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Do Economic Sanctions Work? A Brief History

Weeks after the U.S. and the G7 countries weaponized the global financial system to impose their harshest-ever sanctions on Russia, fissures are becoming apparent. Countries impose but often backpedal on sanctions against bad actors for a simple reason — a reluctance to go to war.

Barrels labeled "oil."
Russia’s oil industry has felt the sting of U.S. and G7 economic sanctions after the invasion of Ukraine. Storage facilities are filling up, refineries are cutting output and crude-oil wells are throttling back production.
(Shuttterstock)
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In 2014 Vladimir Putin’s Russia invaded Crimea, a peninsula of southern Ukraine that juts into the Black Sea. The West grumbled and imposed economic sanctions, expelled Russia from the Group of Seven (G7) political and economic forum, but chose not to go to war against Russia. Although the sanctions hurt the Russian economy, and no doubt impaired the lives of the 144 million who call the country home, the fact is that Putin got away with the illegal land grab, the first such territorial violation since World War II.

Russian President Vladimir Putin sitting at a large table in front of a screen, participating in a virtual meeting.
Russian President Vladimir Putin chairs a meeting with members of the Security Council via a video link in Moscow, Russia, on Feb. 25, 2022.
(Sputnik)
Correctly calculating that the West was unwilling to go to war over Crimea, Putin took the first brutal step in what now appears to be his plan to carve up Ukraine piece by piece and reclaim a key province of the old Russian empire. He reckoned that the sanctions wouldn’t prevent Russia from selling what it has and getting what it wants through back channels and loopholes, and he was right.

Sanctions and embargoes don’t work. And their fatal weakness is that they hurt average people rather than the governments and leaders that are their targets.

It might be useful to look at some previous sanctions and embargoes to assess their efficacy.

The Napoleonic Era and America’s Idealist President


In 1806 in a war unleashed by the French Revolution, when Napoleon attempted to impose a strangling shipping blockade on Great Britain, Britain responded with Orders in Council that likewise attempted to keep vital supplies from reaching French ports. The massive blockades did damage to both economies and hurt average people of Britain and France, but for all of their geopolitical drama they were largely ineffective. Napoleon’s Continental System succeeded only in souring relations between France and Alexander I of Russia, which led to Napoleon’s disastrous invasion of Russia in 1812.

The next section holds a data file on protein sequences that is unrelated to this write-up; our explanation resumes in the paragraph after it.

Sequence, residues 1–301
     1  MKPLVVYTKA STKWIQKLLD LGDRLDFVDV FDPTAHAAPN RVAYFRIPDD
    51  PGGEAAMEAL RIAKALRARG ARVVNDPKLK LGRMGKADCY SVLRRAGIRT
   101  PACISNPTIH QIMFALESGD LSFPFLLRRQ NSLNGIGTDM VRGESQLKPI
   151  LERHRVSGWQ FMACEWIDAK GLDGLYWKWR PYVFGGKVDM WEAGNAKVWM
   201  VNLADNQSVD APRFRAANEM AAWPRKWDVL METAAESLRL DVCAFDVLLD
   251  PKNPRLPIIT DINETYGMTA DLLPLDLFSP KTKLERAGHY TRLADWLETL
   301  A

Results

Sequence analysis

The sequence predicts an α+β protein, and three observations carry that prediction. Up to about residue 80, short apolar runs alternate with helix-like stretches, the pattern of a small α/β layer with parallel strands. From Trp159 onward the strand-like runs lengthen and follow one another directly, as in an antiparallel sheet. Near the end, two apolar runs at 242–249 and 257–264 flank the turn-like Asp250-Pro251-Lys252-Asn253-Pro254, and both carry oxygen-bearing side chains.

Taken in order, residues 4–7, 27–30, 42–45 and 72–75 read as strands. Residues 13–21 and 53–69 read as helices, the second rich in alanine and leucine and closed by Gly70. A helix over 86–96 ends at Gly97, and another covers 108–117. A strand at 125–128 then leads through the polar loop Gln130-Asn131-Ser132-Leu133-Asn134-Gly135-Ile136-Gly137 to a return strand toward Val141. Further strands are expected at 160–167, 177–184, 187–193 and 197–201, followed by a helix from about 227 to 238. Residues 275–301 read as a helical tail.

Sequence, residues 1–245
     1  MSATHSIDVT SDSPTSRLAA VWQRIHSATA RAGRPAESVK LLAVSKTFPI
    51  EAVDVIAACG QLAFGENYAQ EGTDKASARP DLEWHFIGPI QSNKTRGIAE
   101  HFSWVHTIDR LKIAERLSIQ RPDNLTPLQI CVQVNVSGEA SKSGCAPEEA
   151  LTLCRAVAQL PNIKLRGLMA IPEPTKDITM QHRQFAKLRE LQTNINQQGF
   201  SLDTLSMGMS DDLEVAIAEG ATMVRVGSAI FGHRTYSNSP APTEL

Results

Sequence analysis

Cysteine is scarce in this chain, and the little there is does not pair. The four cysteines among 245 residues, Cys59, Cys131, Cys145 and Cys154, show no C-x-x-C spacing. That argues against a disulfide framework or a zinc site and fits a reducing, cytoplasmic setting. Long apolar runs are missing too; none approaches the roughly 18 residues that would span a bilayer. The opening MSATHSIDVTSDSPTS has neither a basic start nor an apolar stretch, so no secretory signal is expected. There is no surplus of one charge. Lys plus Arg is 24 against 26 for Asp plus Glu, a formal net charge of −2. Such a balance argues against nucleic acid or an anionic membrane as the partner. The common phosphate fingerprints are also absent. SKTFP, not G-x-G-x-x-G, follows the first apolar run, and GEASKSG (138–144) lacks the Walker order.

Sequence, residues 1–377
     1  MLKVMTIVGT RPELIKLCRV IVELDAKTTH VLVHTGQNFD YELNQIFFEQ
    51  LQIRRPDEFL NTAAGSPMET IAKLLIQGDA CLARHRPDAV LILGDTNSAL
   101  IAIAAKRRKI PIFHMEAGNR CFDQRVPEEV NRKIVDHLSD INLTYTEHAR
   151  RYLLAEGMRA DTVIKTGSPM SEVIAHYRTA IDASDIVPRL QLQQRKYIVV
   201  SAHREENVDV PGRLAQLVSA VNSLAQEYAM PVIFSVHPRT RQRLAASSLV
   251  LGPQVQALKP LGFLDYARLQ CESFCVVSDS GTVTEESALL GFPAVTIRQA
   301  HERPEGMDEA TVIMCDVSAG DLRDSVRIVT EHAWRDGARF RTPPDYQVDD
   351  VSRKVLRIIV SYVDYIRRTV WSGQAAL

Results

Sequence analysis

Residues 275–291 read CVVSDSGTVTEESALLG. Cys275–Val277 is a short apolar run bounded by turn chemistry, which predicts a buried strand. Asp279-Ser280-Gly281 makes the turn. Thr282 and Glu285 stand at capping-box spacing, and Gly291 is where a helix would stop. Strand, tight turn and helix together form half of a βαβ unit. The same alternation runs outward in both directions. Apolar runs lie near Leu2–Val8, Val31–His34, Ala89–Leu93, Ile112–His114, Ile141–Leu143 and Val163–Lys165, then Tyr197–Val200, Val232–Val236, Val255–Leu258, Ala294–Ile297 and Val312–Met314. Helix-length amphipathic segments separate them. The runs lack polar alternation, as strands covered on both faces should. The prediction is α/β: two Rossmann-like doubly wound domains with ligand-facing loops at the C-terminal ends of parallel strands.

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Twelve Views of the Napoleonic Wars, principal occurences of the Campaigns of 1810 and 1811 in Spain and Portugal: by Major T. S. St. Clair, engraved by C. Turner.
(Serra do Busacco, 1810/Royal Collection Trust militarymaps.rct.uk)
The Napoleonic Wars (1803-1815) eventually descended into a struggle for national survival. As the battles raged on without resolution and each country attempted to starve its adversary into submission, the United States, just born and still finding its legs, got caught between what Jefferson called the sharks of the ocean (Britain) and the lions on the land (France). America’s thriving shipping industry was preyed upon by both European belligerents. Cargoes and ships were seized, crews were threatened, detained, and roughed up, and the English frequently impressed (i.e., kidnapped) American sailors for service in the British navy. Both France and England engaged in coercive (and sometimes violent) maritime activities that amounted to acts of war against the United States. Both European nations looked upon American protests with haughty indifference.

To President Jefferson, who declared that “peace is my passion,” commercial retaliation seemed like a useful alternative to war. Jefferson was an Enlightenment idealist. He honestly felt that it was too late in the world’s history to settle international disputes with bloodshed. He and his Secretary of State James Madison reckoned that European nations needed the natural resources and agricultural products of the United States more than we needed their finished goods. Accordingly, Jefferson persuaded a friendly Congress to pass a series of Embargo Acts, beginning in 1807. They were extremely severe: nothing was permitted to enter American ports, and nothing was allowed out, period. Fortress America would weather the Napoleonic storm without going to war. The U.S. would encourage domestic industries to insure our economic independence from Europe and we’d learn to dress in homespun as a sign of national solidarity.

A cartoon opposing the Embargo Act, in which the cartoonist depicts the embargo as a turtle preventing a smuggler from selling a keg of New England rum to the British. The word “ograbme” appears as “embargo” spelled backwards.
A cartoon opposing the Embargo Act, in which the cartoonist depicts the embargo as a turtle preventing a smuggler from selling a keg of New England rum to the British. The word “ograbme” is “embargo” spelled backwards.
(New York Public Library/worldhistory.biz)